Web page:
China’s ‘civilizational state’ losing its sharp power edge


As China goes through a turbulent reopening, some in the United States may take comfort from seeing the country it describes as its most challenging competitor flounder. Yet, China is likely to emerge from its isolation a more potent and formidable competitor for influence. The US will have to adapt its strategy if it is to compete effectively, the Lowy Institute’s Susannah Patton writes.

The Institute’s Asia Power Index (above), launched on Monday, shows that the US remains the most powerful country in Asia, and leads on six out of eight measures of power. In fact, China has failed to close the gap with the US over the past five years, she adds:

National Endowment for Democracy (NED)

The US is right to prioritise investment in its own national strengths. It will retain a long-term edge over China if it successfully prioritises education, research and innovation in technology, and the resilience of its institutions, including its democracy. Yet, our data calls into question the Biden administration’s heavy reliance on working with allies and partners.

In a severely polarized U.S. Congress, one possible oasis of constructive bipartisanship is the new House Select Committee on China, whose full title refers to “Strategic Competition Between the United States and the Chinese Communist Party,” Robert Kuttner writes for The American Prospect. 

The rise of China is not that of an ordinary country, but a country sui generis — a civilizational state, an amalgam of the world’s oldest continuous civilization and a huge modern state, argues Zhang Weiwei (below), the director of the Institute of China Studies at the Shanghai Academy of Social Sciences, and the author of the best-selling book “The China Wave: The Rise of a Civilizational State.” Its rise is a new model of development and a new political discourse that questions many of the Western assumptions about democracy, good governance and human rights.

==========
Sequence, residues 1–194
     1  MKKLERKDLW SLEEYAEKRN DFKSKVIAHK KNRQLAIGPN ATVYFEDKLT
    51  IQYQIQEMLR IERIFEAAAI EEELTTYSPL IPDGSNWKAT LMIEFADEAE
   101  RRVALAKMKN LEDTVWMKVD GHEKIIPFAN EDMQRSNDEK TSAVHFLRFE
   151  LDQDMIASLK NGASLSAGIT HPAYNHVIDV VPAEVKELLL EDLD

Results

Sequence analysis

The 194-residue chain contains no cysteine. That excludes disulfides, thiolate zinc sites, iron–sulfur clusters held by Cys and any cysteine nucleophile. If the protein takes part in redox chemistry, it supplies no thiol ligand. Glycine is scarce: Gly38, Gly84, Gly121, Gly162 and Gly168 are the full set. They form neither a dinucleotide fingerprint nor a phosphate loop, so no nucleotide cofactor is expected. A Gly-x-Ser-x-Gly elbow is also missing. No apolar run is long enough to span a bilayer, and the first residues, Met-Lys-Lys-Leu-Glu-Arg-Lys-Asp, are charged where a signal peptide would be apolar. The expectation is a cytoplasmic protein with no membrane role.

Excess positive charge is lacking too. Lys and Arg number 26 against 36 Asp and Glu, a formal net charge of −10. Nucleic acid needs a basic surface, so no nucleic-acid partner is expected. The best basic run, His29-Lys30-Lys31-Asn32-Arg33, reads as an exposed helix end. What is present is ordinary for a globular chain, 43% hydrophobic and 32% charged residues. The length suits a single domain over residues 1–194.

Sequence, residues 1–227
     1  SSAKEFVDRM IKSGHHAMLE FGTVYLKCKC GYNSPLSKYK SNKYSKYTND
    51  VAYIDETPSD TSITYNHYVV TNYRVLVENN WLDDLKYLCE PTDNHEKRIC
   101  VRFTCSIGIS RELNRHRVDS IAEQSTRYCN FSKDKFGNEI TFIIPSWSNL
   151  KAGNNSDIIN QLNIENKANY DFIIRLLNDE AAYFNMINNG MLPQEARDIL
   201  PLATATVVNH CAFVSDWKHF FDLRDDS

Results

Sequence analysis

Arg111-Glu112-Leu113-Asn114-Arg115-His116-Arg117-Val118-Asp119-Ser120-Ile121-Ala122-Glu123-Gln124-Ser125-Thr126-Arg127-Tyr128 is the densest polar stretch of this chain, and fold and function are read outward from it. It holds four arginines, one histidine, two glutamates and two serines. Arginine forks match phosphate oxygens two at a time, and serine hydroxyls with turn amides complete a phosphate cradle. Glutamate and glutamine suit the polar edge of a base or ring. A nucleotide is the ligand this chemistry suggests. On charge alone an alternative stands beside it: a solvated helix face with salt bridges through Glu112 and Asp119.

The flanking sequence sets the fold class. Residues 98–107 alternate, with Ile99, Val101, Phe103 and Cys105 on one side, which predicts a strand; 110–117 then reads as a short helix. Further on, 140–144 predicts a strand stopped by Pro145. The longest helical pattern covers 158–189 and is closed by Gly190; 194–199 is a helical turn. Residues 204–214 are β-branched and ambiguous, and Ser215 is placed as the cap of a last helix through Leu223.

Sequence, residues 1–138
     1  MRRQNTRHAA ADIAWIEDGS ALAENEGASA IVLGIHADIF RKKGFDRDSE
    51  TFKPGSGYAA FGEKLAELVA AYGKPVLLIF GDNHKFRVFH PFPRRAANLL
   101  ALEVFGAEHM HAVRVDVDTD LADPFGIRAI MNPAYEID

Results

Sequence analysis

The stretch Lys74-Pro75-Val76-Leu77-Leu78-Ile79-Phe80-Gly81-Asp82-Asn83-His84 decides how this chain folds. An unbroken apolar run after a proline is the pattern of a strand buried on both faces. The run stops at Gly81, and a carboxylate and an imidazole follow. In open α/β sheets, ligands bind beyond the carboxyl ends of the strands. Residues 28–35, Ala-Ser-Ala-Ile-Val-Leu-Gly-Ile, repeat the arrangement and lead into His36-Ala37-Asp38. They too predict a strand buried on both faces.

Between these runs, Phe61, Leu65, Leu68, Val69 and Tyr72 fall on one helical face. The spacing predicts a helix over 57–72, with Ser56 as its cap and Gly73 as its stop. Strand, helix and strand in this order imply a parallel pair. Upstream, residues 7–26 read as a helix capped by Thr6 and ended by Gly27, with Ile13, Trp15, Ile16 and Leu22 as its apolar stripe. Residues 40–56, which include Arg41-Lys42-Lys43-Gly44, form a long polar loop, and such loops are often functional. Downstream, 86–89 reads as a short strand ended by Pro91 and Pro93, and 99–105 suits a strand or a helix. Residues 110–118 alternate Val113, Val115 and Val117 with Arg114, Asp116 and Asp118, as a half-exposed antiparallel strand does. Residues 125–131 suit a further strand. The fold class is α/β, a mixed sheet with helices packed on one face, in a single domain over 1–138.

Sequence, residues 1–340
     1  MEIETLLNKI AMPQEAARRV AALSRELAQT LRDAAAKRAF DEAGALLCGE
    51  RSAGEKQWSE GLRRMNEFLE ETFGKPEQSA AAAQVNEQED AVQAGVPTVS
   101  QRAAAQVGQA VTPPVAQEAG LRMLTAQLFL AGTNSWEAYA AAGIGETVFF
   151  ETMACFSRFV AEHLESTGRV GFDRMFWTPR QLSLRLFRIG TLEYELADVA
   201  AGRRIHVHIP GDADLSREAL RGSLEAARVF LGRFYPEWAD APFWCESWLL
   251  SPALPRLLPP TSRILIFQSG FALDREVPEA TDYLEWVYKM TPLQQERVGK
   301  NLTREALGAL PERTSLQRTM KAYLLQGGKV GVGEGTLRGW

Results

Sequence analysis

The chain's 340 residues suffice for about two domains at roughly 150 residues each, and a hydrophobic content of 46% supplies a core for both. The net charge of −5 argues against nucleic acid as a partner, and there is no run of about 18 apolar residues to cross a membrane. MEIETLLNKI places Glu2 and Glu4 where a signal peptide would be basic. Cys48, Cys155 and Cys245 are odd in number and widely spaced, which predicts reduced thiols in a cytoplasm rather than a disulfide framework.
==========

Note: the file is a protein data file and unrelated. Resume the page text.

The liberal West has long preached universal values beyond national or civilizational boundaries, as if its values were not Western nor European nor Judeo-Christian. Yet, as the Portuguese political scientist Bruno Maçães has argued, “the liberal West” is now dead, having caused “a global rootlessness,” he writes for the Berggruen Institute’s Noema journal:

The Chinese approach starts with the dao, or the overall purpose of democracy, is to achieve good governance, and then the shu, which means specific procedures. Chinese believe that the ultimate test of a good political system is not procedural democracy, but to what extent it can achieve good governance or the substance of democracy. I have therefore long advocated for a paradigm shift from “democracy vs. autocracy” to “good governance vs. bad governance,” which suggests we should encourage different political models to compete to see which delivers better governance as judged by their peoples. 

But how can he make such a claim when the Chinese people are denied a voice?

The Brookings Institution hosts a virtual discussion on “Rethinking China’s Rise, Restraints, and Resilience” with Christopher Marquis, professor at the University of Cambridge; Stephen Roach, senior lecturer at Yale University’s School of Management; Susan Shirk, chair of the University of California at San Diego’s 21st Century China Center; Zhao Suisheng, director of the Center for China-U.S. Cooperation; and Diana Fu, nonresident fellow at Brookings. 11 a.m. February 8, 2023. RSVP


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